I can't count the number of times that I didn't backup to tape, or make a mirrored hard drive.. just because it would take so long.. but bare metal image recovery with "Macrium Reflect Free" is simple and fast. You install it, download the Macrium bootable media stuff ~ 600 MB, and format that USB stick with the recovery media. Then boot off that stick and run the tool to (image) your hard drive.. and store it to the stick. SSD flash drives have a complete hard drive controller on the USB connection.. so they are immensely faster than "dumb" flash, they are first class hard drives on a stick. Once you have that image do whatever.. make a blunder.. then restore from that bootable stick to exactly the way your system was a few hours before.

Backup images are "used sector only" so regardless of how large the system drive is.. you'll have lots of space left over to take another and another.. version them by date and time, and some clever note about why you made them.. [02-20-2019 Before Trying Driver XX].

Undoing things once you've installed a driver, or blown away a sound card driver. swapped video cards.. is near impossible.. no.. (it is impossible). Microsoft uninstall was designed for "Microsoft products" for use by "Microsoft products".. it doesn't watch what a Third Party application or driver does when its installing.. uninstallers are written by the software vendor as a poor after thought at the tail end of a project.. with no testing.. don't trust them.. (ever).

Bonus tips

1. Don't even think you won't need to restore to your earliest image, trust me.. it will just happen. Restoring with Reflect is a whole lot faster than taking hours, and then reactivating.. we are talking on average 3-5 minutes and your back up and running versus 1.5-2 hours.. and you don't even know (if) you did everything the same "way" and didn't make a mistake. Writing it all down is impossible.. eliminating human error is impossible. get it right once, and backstop.. ratchet yourself forwards. Build on your successes.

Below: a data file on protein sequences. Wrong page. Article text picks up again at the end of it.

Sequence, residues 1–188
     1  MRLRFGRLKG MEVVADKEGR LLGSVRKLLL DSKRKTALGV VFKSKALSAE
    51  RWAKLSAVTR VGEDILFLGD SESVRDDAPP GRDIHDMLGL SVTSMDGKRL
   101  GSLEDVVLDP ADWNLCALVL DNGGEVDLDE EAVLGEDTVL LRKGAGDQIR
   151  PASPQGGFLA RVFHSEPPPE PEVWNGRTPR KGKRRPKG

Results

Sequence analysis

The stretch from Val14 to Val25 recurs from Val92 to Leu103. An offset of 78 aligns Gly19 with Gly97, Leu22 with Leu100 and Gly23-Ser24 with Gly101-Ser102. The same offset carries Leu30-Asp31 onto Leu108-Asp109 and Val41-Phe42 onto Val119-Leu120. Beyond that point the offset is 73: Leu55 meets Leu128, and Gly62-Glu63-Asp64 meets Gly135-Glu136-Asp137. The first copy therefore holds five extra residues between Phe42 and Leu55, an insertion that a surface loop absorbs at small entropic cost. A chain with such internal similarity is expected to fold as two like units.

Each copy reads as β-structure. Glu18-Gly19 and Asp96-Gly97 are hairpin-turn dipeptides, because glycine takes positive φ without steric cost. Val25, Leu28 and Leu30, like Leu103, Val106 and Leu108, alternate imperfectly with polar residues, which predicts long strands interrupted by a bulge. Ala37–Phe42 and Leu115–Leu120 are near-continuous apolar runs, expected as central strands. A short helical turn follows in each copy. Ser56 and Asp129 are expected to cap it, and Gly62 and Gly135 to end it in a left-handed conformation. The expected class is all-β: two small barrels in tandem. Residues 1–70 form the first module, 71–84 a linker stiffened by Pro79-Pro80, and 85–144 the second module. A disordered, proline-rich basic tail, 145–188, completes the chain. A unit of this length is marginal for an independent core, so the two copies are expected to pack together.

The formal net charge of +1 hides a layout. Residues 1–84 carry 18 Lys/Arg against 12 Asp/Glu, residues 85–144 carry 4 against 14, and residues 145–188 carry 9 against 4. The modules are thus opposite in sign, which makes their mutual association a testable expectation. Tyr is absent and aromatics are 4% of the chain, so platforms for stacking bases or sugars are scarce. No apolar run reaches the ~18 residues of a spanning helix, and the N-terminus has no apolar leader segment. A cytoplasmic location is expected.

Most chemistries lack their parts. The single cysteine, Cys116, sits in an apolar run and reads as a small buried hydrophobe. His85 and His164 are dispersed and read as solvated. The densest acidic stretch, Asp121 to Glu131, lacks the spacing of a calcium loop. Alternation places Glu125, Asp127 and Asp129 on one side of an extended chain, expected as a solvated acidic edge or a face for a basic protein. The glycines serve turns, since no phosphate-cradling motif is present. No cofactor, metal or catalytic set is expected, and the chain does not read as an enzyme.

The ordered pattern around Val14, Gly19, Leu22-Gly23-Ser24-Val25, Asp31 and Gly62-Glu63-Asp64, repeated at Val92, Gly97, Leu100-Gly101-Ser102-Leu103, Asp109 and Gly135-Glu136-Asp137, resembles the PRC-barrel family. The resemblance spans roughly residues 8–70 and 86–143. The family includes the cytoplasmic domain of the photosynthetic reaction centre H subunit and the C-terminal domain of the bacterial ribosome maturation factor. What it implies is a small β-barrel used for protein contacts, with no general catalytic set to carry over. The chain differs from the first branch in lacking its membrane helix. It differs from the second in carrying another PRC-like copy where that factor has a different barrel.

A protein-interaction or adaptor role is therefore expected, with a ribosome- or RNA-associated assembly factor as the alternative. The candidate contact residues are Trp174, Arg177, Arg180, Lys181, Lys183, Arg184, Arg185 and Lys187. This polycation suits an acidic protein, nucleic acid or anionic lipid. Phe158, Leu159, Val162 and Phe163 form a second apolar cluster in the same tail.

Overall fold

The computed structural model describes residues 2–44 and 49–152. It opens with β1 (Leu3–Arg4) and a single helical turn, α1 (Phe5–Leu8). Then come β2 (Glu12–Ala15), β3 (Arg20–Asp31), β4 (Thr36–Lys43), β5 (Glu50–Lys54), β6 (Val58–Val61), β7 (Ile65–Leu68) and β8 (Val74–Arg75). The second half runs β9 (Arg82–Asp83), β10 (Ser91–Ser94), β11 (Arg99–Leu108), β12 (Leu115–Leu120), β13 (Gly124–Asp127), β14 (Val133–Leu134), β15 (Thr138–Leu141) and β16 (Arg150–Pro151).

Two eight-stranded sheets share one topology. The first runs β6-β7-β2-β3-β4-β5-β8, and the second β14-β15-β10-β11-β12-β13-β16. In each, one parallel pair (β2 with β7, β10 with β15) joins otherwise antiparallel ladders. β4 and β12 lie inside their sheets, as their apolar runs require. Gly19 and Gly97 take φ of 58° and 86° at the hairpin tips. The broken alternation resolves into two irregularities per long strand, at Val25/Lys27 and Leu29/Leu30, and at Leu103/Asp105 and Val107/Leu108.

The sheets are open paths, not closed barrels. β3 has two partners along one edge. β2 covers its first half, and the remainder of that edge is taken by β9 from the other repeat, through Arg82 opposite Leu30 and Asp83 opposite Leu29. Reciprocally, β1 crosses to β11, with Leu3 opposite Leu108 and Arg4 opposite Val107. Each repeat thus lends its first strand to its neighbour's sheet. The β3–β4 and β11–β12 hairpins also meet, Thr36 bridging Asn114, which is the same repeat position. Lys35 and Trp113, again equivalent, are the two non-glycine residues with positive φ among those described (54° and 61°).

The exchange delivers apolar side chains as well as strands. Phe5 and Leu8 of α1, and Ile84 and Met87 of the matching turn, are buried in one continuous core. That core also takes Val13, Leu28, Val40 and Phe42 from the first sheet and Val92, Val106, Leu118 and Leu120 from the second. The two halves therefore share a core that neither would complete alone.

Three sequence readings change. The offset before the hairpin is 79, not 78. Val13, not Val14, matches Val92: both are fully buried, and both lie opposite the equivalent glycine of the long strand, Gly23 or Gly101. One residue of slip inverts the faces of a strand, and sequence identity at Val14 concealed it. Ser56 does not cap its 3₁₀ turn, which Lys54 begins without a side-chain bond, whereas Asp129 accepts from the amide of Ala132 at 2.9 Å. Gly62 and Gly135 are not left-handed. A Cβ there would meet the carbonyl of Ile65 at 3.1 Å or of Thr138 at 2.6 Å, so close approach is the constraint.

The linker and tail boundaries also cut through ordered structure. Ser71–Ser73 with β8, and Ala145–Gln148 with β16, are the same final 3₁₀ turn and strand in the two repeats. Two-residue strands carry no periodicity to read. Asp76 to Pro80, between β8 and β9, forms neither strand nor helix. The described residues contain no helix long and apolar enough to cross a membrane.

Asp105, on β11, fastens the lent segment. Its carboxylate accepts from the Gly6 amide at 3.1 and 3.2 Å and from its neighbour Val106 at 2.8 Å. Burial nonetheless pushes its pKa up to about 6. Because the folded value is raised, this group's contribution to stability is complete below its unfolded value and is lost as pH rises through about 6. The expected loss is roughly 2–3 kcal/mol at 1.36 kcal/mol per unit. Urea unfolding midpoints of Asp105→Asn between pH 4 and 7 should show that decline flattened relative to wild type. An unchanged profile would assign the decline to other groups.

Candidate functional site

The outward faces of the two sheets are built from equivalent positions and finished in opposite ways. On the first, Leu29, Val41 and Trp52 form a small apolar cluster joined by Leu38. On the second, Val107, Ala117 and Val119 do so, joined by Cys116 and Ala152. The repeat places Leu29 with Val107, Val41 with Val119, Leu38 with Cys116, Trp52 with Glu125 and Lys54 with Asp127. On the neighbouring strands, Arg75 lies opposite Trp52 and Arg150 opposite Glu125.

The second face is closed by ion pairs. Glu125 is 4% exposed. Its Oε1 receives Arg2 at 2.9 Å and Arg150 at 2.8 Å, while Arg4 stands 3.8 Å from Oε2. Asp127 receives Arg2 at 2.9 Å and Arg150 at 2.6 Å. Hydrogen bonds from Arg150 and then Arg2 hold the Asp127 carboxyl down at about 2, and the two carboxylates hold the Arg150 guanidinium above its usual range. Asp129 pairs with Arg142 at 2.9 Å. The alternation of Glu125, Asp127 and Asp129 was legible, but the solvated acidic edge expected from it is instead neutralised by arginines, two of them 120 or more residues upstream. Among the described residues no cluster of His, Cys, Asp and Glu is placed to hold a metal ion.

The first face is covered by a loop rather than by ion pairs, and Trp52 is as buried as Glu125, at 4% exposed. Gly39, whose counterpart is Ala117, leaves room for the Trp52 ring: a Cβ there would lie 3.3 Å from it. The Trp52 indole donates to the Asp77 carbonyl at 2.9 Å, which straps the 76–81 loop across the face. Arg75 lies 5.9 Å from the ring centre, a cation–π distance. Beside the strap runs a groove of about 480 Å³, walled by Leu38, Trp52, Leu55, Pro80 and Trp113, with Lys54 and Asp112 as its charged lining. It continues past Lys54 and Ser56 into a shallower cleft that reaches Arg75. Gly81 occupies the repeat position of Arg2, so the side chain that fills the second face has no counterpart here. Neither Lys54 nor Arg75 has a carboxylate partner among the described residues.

2. Don't even think about a cheaper silly, flimsy USB stick.. the slow ones.. will be intolerable.. your motherboard has USB 2.0 and USB 3.0 ports, learn them.. use only the USB 3.0 ports.. make sure your using them at USB 3.0 speed.. check the BIOS and don't run them in compatible or USB 2.0 emulation mode. Make sure when you make your Macrium Reflect bootable stick.. you have the USB 3.0 drivers installed.. (if you don't) your stick will boot at USB 2.0 speeds. Always use the same USB 3.0 port for booting.. don't stick it at the end of a USB cable, or USB hub.. and usually the one your want to use is on the back of the motherboard not on the front of the chassis. The solid "metal" case of the Corsair is worth it.. it dissipates heat and its guaranteed for 5 years.. unheard of in flash land.

3. USB 3.0 ports will "Blue Screen" your system if you jerk a connection out of the port without using the systray applet.. and even then it might. USB 3.0 is ultra-high-speed but USB 3.0 speed under XP was fringe tech.. from within or while your in XP.. the USB 2.0 ports are safer to use.. stay away from the USB 3.0 ports and only use those as a last resort, or for making the macrium bootable usb disk.

Last edited by jwillis84; 03-23-2019 at 02:38 PM.